Wool vs synthetic baselayers: which is better? Wool baselayer garments feel warmer than synthetic baselayers, but synthetic baselayers dry more quickly than wool. What are the pros and cons of each and which should you buy for winter hiking, snowshoeing, or skiing?
The Role of a Baselayer
When dressing for vigorous winter activities, it’s best to use a layered clothing system consisting of a wicking baselayer that moves perspiration away from your skin, an insulating mid-layer that absorbs the perspiration but still holds in your body heat, and a waterproof/windproof shell layer that keeps external moisture or wind from cooling you.
The purpose of a baselayer top is to move perspiration generated while you’re active away from your skin so it won’t chill you. A good baselayer should have a close fit so it can effectively capture moisture, without any seams to chafe or irritate your skin. It takes extra energy to maintain your warmth if your skin is damp or wet, which is why you want a layering system that moves perspiration to your midlayer and out of contact with your skin. There the moisture can evaporate naturally without chilling you like a damp baselayer.
If you sweat a lot when you’re active, go with a synthetic baselayer like Helly Hansen’s LIFA Striped Crew or REI’s Active Pursuits Long Sleeve Jersey which both have a fast-drying porous weave designed to rapidly transport perspiration from your skin up to your mid-layer.
This is critical. You don’t want wet or damp skin in winter, even if it’s buried under other layers of clothing because it will literally suck body heat out of you in an effort to dry itself. That’s how perspiration works. The body expels sweat and then tries to boil it off in order to cool itself. Instead, wicking baselayers move that sweat up to a midlayer garment that’s not in contact with your skin, so your skin stays dry while preventing you from being chilled.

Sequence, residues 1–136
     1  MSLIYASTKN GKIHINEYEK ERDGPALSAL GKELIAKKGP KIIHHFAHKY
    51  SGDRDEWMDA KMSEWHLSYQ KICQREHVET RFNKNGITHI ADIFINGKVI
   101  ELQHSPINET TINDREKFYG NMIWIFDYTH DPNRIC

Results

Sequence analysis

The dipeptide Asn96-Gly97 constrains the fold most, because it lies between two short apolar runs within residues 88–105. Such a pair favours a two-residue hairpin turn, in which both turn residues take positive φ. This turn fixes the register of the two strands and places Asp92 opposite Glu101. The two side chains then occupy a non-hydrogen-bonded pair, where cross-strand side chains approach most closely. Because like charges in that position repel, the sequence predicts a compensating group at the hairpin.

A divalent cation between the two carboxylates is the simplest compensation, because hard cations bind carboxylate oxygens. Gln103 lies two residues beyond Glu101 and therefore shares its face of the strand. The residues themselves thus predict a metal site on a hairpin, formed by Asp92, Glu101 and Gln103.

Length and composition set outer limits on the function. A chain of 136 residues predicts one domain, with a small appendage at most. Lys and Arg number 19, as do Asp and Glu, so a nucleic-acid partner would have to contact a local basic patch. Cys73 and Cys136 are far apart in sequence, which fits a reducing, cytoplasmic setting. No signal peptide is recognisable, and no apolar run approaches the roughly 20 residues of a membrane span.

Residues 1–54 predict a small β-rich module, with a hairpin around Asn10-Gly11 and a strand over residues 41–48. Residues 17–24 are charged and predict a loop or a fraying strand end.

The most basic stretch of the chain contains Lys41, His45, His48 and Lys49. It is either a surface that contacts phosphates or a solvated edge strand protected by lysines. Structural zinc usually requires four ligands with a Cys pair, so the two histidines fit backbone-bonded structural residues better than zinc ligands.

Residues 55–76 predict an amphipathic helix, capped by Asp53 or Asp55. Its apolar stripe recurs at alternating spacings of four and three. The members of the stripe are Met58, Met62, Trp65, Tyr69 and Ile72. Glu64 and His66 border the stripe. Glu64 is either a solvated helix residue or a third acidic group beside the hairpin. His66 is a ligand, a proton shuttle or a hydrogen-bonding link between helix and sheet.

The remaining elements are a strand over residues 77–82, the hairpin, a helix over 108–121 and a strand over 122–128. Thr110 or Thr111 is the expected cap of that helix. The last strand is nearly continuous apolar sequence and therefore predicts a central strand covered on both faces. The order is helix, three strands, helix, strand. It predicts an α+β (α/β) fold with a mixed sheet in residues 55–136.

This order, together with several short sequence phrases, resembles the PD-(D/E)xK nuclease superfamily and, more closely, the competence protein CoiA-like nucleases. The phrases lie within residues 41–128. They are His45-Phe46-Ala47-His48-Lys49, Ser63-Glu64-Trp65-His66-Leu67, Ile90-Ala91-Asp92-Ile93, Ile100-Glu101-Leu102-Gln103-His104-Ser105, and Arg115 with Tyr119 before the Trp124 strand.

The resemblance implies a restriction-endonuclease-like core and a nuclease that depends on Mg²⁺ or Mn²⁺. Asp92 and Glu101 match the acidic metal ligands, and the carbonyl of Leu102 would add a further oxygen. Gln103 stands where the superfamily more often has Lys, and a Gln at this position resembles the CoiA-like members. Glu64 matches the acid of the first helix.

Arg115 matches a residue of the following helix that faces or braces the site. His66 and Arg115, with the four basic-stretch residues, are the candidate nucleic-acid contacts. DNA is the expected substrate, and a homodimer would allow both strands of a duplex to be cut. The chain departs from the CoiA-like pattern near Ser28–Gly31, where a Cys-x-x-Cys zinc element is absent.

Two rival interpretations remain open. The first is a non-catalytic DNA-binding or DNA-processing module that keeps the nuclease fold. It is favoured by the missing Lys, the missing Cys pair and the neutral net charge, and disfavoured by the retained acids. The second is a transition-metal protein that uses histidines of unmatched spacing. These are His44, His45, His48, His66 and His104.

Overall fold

While thin synthetic tops are not as insulating as wool, they’re quite durable and affordable, and you can wash and dry them a gazillion times without any special care. I have synthetic baselayers that have lasted 10+ years of constant use, while I’m lucky if I can get 2 years from ones made with wool, before they hole and disintegrate.
If you run cold in winter and find yourself alternating between high activity and low activity levels (like downhill skiing), try might try a wool baselayer since it will feel warmer against your skin. Merino Wool baselayers are the softest, and we recommend the Minus33 Ticonderoga Lightweight Crew or the Smartwool Merino Classic Baselayer if you need a bit more warmth. However, we’d encourage you to stick with a thin wool baselayer rather than a midweight or heavy-weight one because it will wick better than a thicker baselayer garment, which just traps more moisture closer to your skin. If you still need more warmth, bulk up your midlayer insulation.
Synthetic Baselayer and Wool Midlayer
Can’t decide? Many people buy both wool and synthetic baselayers and switch between them depending on the activity and outside temperature. Others mix and match, going with a wicking synthetic baselayer and a wool mid-layer that doesn’t have to stay dry because its function is to stay warm when it absorbs perspiration passed to it from your baselayer. Personally, I prefer using a synthetic baselayer and a synthetic midlayer, since the latter can dry while I’m wearing it, as long as I take my shell jacket off and it’s exposed to the air.
Wool and Synthetic Blends
Still another option is to look at garments that blend wool and synthetic yarns. For instance, I had good luck with the Artilect Boulder 125 Crew which blends wool and synthetic materials to create a hybrid form of Merino wool, called Nuyarn, that is comfortable to wear and odor-resistant while being easier to care for and more durable than wool.
Which do you prefer? Wool or Synthetic?SectionHiker is reader-supported. We independently research, test, and rate the best products. We only make money if you purchase a product through our affiliate links. Help us continue to test and write unsponsored and independent gear reviews, beginner FAQs, and free hiking guides.